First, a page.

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Re: Libiberty demangling - new demangler - expected behaviour
- From: Ian Lance Taylor <iant at google dot com>
- To: "Phil Lello" <phil dot lello at homecall dot co dot uk>
- Cc: <binutils at sourceware dot org>
- Date: 01 Oct 2006 09:52:29 -0700
- Subject: Re: Libiberty demangling - new demangler - expected behaviour
- References: <000901c6e572$88c5ba90$0100000a@bigboy>
"Phil Lello" <email@example.com> writes:
> Before I go much further along this route, I just want to confirm that my
> planned implementation works the way (most) people expect it to. Please let
> me know if you disagree with my decisions.
> The relevant options (from demangle.h) for cplus_demangle are:
> #define DMGL_NO_OPTS 0 /* For readability... */
> #define DMGL_PARAMS (1 << 0) /* Include function args */
> #define DMGL_ANSI (1 << 1) /* Include const, volatile, etc */
> #define DMGL_VERBOSE (1 << 3) /* Include implementation details.
> #define DMGL_TYPES (1 << 4) /* Also try to demangle type
> encodings. */
> #define DMGL_RET_POSTFIX (1 << 5) /* Print function return types (when
> present) after function signature
> Using the mangled symbol
> - ?CreateInstance@CTmProxyCore@@SGJPAPAV1@PAUIUnknown@@@Z
> (from C:\WINDOWS\$hf_mig$\KB902400\SP2QFE\msdtcprx.dll)
> the OS decoded version (UnDecorateSymbolName in DBGHLP.DLL) is
> - public: static long __stdcall CTmProxyCore::CreateInstance(class
> CTmProxyCore * *,struct IUnknown *)
> So cplus_demangle output should be:
> CTmProxyCore::CreateInstance(class CTmProxyCore * *,struct IUnknown *)
> static CTmProxyCore::CreateInstance
> public: static __stdcall CTmProxyCore::CreateInstance
> long CTmProxyCore::CreateInstance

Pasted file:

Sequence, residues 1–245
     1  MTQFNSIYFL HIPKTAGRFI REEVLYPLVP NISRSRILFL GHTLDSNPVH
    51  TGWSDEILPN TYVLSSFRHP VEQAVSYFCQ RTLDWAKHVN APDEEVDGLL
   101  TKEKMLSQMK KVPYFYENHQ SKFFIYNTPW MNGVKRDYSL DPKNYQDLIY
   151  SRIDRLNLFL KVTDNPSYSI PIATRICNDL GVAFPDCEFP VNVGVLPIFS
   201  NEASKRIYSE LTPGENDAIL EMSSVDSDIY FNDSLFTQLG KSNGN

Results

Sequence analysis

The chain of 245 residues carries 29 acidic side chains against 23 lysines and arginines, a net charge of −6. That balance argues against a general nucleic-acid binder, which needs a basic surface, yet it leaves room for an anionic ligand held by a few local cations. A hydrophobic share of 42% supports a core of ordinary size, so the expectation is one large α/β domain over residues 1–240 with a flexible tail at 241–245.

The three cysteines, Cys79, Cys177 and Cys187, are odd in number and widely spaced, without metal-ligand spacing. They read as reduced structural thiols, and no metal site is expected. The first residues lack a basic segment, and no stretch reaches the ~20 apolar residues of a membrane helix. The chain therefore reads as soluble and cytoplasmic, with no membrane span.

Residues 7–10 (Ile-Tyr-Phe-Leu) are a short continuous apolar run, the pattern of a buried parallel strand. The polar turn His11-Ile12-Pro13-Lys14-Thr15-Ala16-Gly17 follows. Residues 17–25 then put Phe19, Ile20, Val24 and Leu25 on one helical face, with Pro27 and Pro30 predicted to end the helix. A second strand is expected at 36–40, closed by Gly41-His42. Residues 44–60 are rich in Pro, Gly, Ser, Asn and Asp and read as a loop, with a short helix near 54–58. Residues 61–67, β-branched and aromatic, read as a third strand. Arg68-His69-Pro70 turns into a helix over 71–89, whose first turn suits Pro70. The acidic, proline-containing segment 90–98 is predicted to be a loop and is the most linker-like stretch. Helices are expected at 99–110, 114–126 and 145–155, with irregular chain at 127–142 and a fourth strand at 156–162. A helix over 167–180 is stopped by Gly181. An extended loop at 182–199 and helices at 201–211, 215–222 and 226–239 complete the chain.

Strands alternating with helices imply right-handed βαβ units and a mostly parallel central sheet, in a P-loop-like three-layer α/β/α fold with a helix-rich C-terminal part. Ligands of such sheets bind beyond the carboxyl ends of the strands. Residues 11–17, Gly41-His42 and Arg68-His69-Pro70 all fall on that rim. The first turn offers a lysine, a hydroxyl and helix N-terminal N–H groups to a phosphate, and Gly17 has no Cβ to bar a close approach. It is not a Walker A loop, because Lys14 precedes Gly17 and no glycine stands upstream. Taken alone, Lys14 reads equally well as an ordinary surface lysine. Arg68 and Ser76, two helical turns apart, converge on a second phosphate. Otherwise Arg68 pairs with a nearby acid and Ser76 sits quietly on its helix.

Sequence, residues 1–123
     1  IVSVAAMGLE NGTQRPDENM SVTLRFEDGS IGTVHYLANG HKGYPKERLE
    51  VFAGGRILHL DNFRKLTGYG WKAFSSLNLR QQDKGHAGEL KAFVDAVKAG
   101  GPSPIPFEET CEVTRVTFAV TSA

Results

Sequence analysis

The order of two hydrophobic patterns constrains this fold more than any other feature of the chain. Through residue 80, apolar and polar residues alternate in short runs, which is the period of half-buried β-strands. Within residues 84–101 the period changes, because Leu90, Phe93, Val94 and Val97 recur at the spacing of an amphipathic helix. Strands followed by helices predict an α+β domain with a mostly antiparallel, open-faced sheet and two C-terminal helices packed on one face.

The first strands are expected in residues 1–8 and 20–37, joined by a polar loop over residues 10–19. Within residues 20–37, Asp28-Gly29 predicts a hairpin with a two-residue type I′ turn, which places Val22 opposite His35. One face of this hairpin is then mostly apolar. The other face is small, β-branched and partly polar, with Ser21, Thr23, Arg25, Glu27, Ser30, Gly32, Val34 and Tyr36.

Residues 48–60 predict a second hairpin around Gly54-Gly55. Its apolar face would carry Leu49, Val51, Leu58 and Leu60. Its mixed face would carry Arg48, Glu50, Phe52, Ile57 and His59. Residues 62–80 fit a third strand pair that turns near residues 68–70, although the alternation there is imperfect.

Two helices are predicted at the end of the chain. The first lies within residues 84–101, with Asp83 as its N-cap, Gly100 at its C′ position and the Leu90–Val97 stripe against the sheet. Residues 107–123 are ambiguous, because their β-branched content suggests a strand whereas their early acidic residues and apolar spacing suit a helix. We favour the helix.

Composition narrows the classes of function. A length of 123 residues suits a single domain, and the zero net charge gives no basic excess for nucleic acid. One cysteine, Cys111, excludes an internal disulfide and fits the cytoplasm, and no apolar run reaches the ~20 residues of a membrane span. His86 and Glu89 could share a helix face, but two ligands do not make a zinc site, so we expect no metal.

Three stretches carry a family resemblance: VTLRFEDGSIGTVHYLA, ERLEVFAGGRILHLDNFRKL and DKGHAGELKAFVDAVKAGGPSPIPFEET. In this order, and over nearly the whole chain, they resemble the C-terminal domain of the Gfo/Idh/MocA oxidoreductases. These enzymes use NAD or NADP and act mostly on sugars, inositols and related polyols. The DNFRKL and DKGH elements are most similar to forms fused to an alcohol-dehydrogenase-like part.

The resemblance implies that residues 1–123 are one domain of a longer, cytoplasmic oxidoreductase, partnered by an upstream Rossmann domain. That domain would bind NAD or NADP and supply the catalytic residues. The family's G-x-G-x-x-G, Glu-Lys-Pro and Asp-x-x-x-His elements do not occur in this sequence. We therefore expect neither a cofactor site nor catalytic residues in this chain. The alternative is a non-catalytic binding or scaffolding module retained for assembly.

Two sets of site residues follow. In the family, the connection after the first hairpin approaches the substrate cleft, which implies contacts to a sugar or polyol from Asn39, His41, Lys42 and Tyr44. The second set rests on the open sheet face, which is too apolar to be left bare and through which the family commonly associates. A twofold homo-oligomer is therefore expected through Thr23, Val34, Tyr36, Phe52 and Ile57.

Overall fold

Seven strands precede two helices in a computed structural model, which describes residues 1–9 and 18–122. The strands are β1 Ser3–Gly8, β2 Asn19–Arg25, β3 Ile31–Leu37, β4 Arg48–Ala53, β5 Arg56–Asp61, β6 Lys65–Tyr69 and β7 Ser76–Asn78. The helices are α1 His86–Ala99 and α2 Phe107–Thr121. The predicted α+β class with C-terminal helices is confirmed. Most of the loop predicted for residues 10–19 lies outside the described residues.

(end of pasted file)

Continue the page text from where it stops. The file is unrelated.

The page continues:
> CTmProxyCore::CreateInstance long
Well, no, not really.
DMGL_RET_POSTFIX exists purely for Java. You don't need to implement
it for C++ symbols. Although I suppose it will do no real harm.
DMGL_ANSI really exists to switch between an old g++ mangling scheme
and a slightly newer (but still quite old) mangling scheme which I
think was based on the C++ ARM. You should ignore DMGL_ANSI.
DMGL_TYPES should not affect the demangling of a complete symbol. It
exists to support demangling of types by themselves, as specified by
the __cxa_demangle interface:
If DMGL_TYPES is not set, and you see something which is not a
complete symbol, you should not demangle it. If DMGL_TYPES is set,
then you should demangle the type by itself. In your example above
you should certainly put the "long" in the DMGL_VERBOSE demangling; I
don't know whether you should put it in the demangling without
DMGL_VERBOSE. The g++ demangler will always demangle the return type
when it is available, but for g++ it is only available for template
functions and for function pointer parameters. It is not available
for ordinary functions or methods.
Your example for DMGL_PARAMS looks right: you should only demangle the
parameter types if DMGL_PARAMS is set. This is mainly a speed hack
for gdb. I think the issue is that gdb wants to call the demangler on
a large number of symbols at startup, but doesn't need to see the
parameter types at that time. Skipping the demangling of parameter
types led to a measurable improvement in startup time on large C++
That leaves DMGL_VERBOSE, which is really your choice. In the
GNU/Linux world, anything which gdb wants to see when setting
breakpoints on a function name should be displayed without
DMGL_VERBOSE. Anything which doesn't matter to gdb may be displayed
only if DMGL_VERBOSE is set; whether to require DMGL_VERBOSE or not
really depends on how useful the information is. In your example I
suspect that things like public:, static, and __stdcall are reasonable
to only display if DMGL_VERBOSE, but I don't really know enough about
MSVC to be sure.
Hope this helps.